design thinking initiatives for a better urban life
Fear of Dying
The following are speculations on why people fear death and their body’s decay:
Ingmar Bergman’s portrayal of death seems very classic, with his flowing black robes and intimidating features. The main character in the movie later states that he fears dying because he wants a guarantee that heaven awaits him.
The Hearse Song
Don’t you ever laugh as the hearse goes by,
For you may be the next one to die.
They wrap you up in a big white sheet
From your head down to your feet.
They put you in a big black box
And cover you up with dirt and rocks.
All goes well for about a week,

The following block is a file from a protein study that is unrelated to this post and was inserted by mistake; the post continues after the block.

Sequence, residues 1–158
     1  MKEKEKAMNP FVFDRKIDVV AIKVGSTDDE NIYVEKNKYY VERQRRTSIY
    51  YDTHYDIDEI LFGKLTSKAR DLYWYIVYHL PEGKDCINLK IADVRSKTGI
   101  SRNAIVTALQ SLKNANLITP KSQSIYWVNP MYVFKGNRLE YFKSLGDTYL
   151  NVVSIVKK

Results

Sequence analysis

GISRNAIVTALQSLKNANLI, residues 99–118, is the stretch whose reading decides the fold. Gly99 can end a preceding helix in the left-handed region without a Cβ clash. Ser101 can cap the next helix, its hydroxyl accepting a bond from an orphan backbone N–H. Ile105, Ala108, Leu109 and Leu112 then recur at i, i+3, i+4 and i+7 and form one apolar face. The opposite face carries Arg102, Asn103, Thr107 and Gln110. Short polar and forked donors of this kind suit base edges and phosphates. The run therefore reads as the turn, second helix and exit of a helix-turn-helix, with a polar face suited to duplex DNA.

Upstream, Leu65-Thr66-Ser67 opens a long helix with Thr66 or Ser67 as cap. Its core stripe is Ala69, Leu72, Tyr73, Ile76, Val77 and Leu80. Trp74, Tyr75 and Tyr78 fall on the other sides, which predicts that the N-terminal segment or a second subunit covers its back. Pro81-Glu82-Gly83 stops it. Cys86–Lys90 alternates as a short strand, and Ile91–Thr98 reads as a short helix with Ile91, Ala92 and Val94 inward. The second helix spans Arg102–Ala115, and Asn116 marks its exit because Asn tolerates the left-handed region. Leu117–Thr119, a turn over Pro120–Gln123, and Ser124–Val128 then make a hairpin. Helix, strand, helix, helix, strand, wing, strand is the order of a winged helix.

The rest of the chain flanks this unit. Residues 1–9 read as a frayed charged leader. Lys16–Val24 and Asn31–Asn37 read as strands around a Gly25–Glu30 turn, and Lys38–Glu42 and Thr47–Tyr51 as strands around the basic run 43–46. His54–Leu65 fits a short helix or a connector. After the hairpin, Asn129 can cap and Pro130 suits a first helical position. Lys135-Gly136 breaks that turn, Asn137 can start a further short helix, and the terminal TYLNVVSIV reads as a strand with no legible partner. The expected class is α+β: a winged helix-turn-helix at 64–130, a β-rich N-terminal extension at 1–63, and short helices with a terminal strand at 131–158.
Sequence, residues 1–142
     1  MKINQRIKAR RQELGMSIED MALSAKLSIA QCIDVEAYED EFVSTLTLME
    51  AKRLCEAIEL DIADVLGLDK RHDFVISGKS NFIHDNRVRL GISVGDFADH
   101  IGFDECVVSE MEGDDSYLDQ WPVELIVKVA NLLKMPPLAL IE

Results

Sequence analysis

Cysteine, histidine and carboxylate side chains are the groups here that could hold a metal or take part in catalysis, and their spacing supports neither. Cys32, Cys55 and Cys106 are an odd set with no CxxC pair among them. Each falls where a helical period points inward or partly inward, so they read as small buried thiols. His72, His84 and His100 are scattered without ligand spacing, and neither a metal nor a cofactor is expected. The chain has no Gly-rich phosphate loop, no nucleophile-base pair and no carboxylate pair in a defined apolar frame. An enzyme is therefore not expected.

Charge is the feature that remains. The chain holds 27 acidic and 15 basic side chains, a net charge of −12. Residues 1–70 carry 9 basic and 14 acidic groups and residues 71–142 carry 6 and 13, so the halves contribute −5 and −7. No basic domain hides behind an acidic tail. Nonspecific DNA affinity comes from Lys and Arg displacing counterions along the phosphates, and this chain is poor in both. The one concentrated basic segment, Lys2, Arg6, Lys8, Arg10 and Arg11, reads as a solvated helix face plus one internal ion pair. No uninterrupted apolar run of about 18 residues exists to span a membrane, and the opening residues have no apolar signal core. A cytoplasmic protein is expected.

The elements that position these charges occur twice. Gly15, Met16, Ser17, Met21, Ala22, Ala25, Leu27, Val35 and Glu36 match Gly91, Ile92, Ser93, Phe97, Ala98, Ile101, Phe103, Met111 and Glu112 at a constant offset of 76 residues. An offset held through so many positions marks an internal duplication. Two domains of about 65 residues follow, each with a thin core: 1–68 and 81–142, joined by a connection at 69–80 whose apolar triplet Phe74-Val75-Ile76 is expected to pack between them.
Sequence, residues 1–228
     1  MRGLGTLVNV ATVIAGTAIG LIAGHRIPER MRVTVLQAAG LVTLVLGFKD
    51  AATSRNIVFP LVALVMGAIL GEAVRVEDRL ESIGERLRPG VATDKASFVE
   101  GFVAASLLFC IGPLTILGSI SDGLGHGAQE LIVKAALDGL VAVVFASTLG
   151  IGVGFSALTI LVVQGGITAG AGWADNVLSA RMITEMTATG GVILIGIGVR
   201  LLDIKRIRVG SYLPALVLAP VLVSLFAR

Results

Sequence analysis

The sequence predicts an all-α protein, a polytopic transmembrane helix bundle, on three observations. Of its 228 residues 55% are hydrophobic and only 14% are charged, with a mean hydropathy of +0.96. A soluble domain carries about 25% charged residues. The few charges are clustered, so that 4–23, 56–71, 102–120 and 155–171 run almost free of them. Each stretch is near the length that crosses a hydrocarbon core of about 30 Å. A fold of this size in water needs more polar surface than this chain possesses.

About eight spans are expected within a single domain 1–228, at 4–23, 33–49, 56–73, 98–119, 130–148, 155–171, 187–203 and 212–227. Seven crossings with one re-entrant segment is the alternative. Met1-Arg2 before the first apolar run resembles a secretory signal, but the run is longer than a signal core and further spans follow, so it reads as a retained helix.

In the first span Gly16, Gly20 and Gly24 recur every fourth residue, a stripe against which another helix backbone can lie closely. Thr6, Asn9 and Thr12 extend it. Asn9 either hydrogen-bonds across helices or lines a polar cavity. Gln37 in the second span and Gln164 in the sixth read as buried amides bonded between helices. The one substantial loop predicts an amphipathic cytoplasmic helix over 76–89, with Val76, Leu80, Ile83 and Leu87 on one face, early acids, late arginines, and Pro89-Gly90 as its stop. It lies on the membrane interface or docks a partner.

Then your coffin begins to leak.
The worms crawl in, the worms crawl out,
The worms play pinochle in your snout,
They eat your eyes, they eat your nose,
They eat the jelly between your toes.
A big green worm with rolling eyes
Crawls in your stomach and out your eyes.
Your stomach turns a slimy green,
And pus pours out like whipping cream.
You’ll spread it on a slice of bread,
And this is what you eat when you are dead.
This song was a popular “scary story” used to frighten friends at sleepovers. When my aunt explained that she wanted an airtight casket because the thought of worms eating her body terrified her, this is what came to mind. Through my conversations with people outside of the funeral industry I have found that many people do not understand the process of decomposition, especially the fact that it is inevitable. Many still operate under the misunderstanding that embalming preserves you for eternity, when, in fact, it merely used a highly toxic fluid to preserve your body for the short amount of time between your death and internment. Everything from your body to your “airtight casket” will eventually decay and return to the earth.